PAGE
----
It also must include a strong commitment to two critically important programs: a commitment to training at four levels and a mentor program to attract the best candidates.

The first training level is maintaining fundamental skills and knowledge at the front line level. The second is preparing those who aspire to hold a supervisory level position. The third is preparing this who desire to move on to senior management positions. The last is maintaining compliance with federal, state and local regulations and laws.

Mentor programs must be formal, closely managed and performance measured. Mentor programs can increase morale, motivation and productivity. It can also reduce turnover and absenteeism, as well as talent within the organization.

There are other associated benefits to mentoring including reduction or elimination of outside recruitment costs for senior manager position since most of the senior positions will be filled from within.

Included in the PricewaterhouseCoopers, 12th Annual Global CEO Survey, 2009 more than 1,000 CEOs were asked, “How important are the following sources of competitive advantage in sustaining your growth over the long term?”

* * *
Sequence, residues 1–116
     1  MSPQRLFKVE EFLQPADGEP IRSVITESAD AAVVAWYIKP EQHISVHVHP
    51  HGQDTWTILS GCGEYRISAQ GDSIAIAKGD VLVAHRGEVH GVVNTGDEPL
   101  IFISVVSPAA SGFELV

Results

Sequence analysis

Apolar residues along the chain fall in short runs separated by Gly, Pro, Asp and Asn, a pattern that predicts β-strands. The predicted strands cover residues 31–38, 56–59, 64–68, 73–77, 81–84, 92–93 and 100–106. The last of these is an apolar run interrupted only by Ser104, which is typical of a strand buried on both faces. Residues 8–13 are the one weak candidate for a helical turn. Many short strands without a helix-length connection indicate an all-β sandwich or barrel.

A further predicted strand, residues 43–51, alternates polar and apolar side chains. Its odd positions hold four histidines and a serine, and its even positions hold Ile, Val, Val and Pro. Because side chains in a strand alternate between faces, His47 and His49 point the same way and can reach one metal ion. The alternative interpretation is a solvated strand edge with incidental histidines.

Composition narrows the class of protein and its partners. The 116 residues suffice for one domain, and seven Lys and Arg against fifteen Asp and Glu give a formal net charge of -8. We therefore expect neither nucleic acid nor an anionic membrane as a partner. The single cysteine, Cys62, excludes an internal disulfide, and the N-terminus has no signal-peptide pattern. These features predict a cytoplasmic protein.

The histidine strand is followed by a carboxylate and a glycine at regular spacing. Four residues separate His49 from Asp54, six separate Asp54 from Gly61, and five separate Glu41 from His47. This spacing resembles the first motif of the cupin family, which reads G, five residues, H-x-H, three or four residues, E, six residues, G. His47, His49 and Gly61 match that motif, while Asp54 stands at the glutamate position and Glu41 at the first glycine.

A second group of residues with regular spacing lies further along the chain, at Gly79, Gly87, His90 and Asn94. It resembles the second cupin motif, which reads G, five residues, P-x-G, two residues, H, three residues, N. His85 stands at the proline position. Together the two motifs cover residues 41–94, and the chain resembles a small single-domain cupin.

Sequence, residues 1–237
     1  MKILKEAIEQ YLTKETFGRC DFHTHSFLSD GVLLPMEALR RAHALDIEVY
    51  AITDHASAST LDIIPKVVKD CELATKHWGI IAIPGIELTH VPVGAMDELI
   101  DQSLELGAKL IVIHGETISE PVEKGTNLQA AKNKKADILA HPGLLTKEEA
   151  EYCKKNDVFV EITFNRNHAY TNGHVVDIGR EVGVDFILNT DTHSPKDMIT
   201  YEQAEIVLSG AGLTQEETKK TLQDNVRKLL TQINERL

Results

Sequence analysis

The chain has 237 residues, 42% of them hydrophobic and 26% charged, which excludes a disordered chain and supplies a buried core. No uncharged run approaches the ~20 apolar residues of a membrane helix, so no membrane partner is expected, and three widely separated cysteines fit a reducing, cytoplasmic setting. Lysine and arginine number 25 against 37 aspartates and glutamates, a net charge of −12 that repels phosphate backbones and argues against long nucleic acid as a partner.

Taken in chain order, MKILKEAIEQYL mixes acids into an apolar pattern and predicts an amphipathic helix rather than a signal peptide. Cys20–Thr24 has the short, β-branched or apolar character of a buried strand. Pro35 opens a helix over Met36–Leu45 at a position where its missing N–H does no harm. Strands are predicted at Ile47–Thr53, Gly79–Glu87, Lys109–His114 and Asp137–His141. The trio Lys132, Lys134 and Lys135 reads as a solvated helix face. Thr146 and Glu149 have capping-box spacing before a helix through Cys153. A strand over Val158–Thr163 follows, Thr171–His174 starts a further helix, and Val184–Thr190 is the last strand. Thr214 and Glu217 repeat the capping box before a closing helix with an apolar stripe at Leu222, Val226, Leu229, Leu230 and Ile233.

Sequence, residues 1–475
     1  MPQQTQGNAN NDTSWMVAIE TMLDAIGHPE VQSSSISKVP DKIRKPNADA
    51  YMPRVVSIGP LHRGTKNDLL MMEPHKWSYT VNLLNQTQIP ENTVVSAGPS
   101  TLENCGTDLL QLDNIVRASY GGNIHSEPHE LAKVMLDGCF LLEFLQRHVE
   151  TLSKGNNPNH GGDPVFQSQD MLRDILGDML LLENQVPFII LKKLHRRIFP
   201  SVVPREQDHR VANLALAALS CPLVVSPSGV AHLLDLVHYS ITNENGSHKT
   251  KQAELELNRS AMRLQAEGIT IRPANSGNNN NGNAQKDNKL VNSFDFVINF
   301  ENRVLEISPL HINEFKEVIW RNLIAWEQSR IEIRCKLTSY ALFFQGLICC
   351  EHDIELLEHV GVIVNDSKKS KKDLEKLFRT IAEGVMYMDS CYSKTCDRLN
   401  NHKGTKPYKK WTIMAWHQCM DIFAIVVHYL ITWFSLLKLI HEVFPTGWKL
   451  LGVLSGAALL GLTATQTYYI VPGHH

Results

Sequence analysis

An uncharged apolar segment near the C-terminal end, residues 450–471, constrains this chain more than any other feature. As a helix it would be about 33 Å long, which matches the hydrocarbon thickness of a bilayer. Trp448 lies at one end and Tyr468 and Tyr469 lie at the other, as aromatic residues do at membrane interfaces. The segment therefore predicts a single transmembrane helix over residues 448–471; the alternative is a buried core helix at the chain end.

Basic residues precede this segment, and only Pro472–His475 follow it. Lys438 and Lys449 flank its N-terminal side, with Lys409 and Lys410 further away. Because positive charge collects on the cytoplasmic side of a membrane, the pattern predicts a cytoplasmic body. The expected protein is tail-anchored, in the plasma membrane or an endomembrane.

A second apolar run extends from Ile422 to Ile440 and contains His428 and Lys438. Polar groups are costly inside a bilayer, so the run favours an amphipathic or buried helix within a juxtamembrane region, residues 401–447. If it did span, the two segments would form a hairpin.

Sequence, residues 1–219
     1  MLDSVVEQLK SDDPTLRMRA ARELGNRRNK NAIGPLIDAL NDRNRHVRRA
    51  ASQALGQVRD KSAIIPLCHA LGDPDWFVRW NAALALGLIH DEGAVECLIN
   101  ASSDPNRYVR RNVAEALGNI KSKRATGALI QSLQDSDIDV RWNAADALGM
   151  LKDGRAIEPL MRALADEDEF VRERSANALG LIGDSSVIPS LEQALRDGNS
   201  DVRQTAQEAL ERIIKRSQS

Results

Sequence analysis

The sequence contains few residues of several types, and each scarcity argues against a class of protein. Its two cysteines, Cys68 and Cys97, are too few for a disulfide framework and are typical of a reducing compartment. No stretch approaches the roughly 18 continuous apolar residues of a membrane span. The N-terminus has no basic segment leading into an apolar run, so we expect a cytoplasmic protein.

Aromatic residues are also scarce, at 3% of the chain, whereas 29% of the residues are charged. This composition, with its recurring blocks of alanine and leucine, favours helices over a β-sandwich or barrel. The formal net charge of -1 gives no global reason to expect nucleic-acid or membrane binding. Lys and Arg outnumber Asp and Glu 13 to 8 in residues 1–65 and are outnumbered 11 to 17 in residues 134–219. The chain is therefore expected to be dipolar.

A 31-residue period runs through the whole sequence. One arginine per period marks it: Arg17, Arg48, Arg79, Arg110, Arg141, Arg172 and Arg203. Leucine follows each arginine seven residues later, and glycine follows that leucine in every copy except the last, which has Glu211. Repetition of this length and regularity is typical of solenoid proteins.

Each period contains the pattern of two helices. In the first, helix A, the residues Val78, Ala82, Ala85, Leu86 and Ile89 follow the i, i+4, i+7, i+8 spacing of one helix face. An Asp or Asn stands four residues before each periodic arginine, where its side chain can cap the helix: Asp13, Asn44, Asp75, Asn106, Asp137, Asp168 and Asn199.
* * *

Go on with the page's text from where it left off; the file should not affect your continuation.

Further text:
The number-one response – chosen by 97 percent – was “access to, and retention of, key talent.”

About the author

Glenn A. Gaines was the Federal Emergency Management Agency’s deputy U.S. Fire Administrator for the United States Fire Administration. He began his tenure in March 2009 and was responsible for managing USFA programs and training activities conducted at the National Emergency Training Center. Chief Gaines began his fire service career as a member of the Fairfax County (Va.) Fire and Rescue Department. He served in numerous capacities, including fire marshal, chief training officer, and chief of operations, culminating in his appointment as fire chief from August 1991 until December 1998. He was in charge of the nationally recognized Fairfax County Fire and Rescue urban search and rescue team that frequently deployed throughout the United States as well as internationally. Chief Gaines earned a degree in fire administration and has authored a fire service text, contributed to several other texts, and written numerous articles for several trade publications. He has served as a faculty member at the USFA’s National Fire Academy, and was actively involved with organizations related to the professional development of the fire and emergency services.

This article, originally published on July 14, 2015, has been updated